|Reference : Impacts des changements climatiques passés et présents sur la génétique et la démogra...|
|Dissertations and theses : Doctoral thesis|
|Life sciences : Environmental sciences & ecology|
|Impacts des changements climatiques passés et présents sur la génétique et la démographie du Cincle plongeur (Cinclus cinclus)|
|[en] Impact of past and present climate changes on dipper (Cinclus cinclus) genetic and demography|
|Hourlay, Frederic [Université de Liège - ULg > > > Doct. sc. (biol. orga. & écol. - Bologne)]|
|Université de Liège, Liège, Belgique|
|Docteur en Sciences Biologiques|
|iii, 411 + 52|
|[en] Cinclus cinclus ; Climate change ; Taxonomy ; demography|
|[en] Climate change is emerging as the greatest threat to natural communities in many, if not most, of the world’s ecosystems in coming decades. Numerous studies have revealed present and probable future consequences that climate change will have on many animal and vegetal species. According to these studies, birds could be affected, mostly negatively, in various ways : distribution, abundance, phenology, ethology ...
The purpose of this work is to determine how the White-throated Dipper (Cinclus cinclus), a Palearctic, temperate, passerine bird that is exclusively associated with flowing water, reacted to the climate changes that occurred during the Pleistocene, and how climate change currently affects this species :
- For this purpose, we conducted a phylogeographic study : we analysed three fragments of mtDNA (i.e. fragments coding for cytochrome b, ND2 and domains II and III of the controle region) from 106 tissue samples originating from 24 dipper populations, mostly located in the Western Palearctic.
- The second part of this work consisted in analysing ringing recoveries and nest-boxes frequentation from a dippers population settled on the river Syre and its tributaries (Luxemburg) and followed from 1979 to 2001. Populations census were also conducted on different water courses in Luxemburg, in order to determine dipper habitat preferences.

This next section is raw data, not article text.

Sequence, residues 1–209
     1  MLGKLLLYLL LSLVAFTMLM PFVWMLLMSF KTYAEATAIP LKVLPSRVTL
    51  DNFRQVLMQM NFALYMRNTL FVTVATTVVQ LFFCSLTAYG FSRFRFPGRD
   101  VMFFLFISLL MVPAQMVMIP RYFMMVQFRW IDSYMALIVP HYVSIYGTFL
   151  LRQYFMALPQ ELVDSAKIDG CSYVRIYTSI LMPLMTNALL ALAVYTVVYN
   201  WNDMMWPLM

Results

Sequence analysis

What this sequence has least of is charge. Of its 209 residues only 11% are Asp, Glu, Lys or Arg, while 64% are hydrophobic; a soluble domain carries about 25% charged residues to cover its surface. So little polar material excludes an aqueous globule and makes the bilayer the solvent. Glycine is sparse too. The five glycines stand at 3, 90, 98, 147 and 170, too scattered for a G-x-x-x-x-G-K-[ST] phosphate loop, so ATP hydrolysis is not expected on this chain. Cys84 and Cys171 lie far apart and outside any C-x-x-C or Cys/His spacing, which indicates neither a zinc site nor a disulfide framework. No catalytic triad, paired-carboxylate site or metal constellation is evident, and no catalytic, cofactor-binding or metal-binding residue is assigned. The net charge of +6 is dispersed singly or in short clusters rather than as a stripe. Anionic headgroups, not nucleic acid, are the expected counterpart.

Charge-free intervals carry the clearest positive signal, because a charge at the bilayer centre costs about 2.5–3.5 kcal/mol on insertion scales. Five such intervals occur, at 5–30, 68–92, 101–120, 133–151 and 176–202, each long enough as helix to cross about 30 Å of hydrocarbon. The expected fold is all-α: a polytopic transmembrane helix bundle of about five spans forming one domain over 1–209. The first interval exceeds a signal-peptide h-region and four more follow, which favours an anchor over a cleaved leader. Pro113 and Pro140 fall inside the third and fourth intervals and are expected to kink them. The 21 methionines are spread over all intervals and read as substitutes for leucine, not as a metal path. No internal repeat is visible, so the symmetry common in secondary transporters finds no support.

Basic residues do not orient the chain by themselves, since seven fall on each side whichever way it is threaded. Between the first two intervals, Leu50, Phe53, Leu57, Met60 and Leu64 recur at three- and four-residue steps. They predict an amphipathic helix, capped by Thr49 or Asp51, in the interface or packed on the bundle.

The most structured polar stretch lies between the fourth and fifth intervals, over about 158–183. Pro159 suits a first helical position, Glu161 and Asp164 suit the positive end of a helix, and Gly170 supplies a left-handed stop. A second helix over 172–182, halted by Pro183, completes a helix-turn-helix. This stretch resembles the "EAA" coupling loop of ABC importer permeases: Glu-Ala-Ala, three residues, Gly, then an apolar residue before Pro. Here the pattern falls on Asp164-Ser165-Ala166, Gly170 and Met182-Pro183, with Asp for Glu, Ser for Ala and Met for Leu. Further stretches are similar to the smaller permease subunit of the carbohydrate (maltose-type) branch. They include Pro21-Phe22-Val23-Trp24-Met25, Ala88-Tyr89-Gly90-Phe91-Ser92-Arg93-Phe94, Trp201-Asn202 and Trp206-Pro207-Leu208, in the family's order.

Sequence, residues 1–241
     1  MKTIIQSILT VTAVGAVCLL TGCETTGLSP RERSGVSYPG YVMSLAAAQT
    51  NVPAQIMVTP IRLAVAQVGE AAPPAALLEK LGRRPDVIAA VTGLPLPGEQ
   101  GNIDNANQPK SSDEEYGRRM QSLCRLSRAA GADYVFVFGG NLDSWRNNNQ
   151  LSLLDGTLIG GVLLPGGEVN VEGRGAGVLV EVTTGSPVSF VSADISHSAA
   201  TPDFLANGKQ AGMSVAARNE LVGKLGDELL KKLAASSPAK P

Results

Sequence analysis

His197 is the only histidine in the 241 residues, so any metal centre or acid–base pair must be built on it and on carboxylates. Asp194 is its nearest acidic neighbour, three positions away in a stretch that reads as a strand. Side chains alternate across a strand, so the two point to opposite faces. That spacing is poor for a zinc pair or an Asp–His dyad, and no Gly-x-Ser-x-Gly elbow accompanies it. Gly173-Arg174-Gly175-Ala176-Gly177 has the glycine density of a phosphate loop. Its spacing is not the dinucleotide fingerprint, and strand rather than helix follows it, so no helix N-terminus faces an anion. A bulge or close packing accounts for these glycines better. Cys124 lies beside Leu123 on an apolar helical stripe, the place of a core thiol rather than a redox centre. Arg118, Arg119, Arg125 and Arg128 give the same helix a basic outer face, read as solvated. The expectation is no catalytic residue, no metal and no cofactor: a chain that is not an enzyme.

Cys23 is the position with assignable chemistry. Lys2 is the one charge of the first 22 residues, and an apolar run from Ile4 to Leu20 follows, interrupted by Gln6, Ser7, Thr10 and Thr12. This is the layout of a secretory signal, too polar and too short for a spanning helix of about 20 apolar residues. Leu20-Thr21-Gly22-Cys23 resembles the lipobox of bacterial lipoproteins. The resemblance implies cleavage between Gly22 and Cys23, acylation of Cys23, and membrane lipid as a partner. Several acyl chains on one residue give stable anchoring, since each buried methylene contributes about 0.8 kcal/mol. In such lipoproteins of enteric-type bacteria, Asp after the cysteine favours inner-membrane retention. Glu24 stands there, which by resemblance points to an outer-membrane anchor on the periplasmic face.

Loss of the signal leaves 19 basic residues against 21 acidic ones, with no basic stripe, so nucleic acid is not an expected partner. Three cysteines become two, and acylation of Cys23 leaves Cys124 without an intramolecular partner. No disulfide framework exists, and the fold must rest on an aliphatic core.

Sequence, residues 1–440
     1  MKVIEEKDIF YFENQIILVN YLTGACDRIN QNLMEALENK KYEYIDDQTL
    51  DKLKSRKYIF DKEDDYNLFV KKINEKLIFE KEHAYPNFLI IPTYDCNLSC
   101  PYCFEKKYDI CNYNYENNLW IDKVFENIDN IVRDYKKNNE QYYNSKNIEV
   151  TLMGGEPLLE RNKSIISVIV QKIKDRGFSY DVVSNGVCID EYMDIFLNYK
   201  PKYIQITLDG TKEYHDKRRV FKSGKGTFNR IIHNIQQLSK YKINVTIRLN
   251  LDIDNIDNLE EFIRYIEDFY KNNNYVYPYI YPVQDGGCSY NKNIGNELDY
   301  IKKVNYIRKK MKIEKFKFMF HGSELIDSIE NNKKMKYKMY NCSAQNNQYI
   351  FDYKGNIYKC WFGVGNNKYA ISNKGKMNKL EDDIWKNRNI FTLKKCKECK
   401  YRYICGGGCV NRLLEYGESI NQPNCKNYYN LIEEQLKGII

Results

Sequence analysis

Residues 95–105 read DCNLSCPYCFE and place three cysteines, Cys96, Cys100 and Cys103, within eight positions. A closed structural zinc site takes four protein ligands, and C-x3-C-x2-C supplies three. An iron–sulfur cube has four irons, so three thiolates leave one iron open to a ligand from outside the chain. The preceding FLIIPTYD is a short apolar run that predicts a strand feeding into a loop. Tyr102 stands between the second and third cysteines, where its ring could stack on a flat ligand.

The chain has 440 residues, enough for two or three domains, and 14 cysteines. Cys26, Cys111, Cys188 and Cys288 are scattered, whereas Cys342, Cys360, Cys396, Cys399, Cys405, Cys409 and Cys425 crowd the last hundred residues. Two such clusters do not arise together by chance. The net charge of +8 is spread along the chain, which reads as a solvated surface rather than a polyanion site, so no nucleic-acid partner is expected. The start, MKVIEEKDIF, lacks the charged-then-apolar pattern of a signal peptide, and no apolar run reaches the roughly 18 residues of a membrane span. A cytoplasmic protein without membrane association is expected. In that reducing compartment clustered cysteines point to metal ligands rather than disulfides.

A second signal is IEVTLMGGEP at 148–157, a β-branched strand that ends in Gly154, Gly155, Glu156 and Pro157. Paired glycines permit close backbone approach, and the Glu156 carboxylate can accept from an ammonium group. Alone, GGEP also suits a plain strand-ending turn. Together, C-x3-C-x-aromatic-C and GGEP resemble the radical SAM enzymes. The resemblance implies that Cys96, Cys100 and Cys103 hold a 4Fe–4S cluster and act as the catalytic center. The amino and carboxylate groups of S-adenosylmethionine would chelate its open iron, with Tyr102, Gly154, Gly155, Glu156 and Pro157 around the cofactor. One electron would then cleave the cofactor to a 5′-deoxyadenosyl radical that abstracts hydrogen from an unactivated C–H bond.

1. Phylogeography of the dipper in the Western Palearctic region
In spite of a low genetic variability, the results of our phylogeographic study reveal a complex phylogeographic structure for this species with at least five distinct lineages for the Western Palearctic region. As for many species of the Western Palearctic fauna and flora, this genetic structure is probably linked to the isolation of populations in different southern refuges during glacial periods. Furthermore, the isolation of populations in Scandinavia and/or Eastern regions, but also in Morocco and probably in Corsica, was accentuated by ecological and biogeographic barriers during Quaternary interglacial periods. During glacial periods, Italy, Sicily and the Balkano-Carpathian region acted as major refuge zones for the dipper. At the end of the last ice age, Western Europe was repopulated by dippers from a refuge located in Italy and, probably, South-East France, while Eastern Europe was recolonised by Balkano-Carpathian birds. A large contact zone between these two lineages was evidenced and extends from Luxembourg to Hungary. Finally, our results indicate the need to clarify the taxonomic status of the dipper, especially concerning the European subspecies whose validity appears uncertain.
2. Dipper demography – Influence of climate change and other anthropic pertubations
Results obtained from the analysis of demographic and morphologic variables of the Luxemburger population are in agreement with results obtained from other European populations. Differences observed between these populations are mostly due to climate and habitat quality differences. However, other factors could also partly explain these differences. As for other places in Europe, nest boxes installation dramatically increased dippers population size on the river Syre. Our results also suggest that the installation of nest boxes could influence some demographic and morphologic variables, probably as a result of population increase. But, above all, our results show how temperatures and precipitations affect these variables, and particularly laying dates. Climatic changes that occurred during the last decades provoked earlier laying dates. Whereas clutch size and nest size remained unchanged, the Luxemburger population size decreased during the same period, as observed for other European populations. The main cause to this decrease should be an increase of environmental instability inducing notably a decrease of food ressources for dippers. As a result, we observed a significant decrease of females body weight during this period.
Climate change will also probably have a serious impact on dipper genetic diversity, leading to the disappearance of the most southern populations and eventually of certain genetic clades. The results obtained concerning the taxonomic status of the dipper and its demography could be useful in the framework of a conservation program, if necessary. In this perspective, the development of habitat suitability prediction tools, as the one we developed, could also be very helpful.
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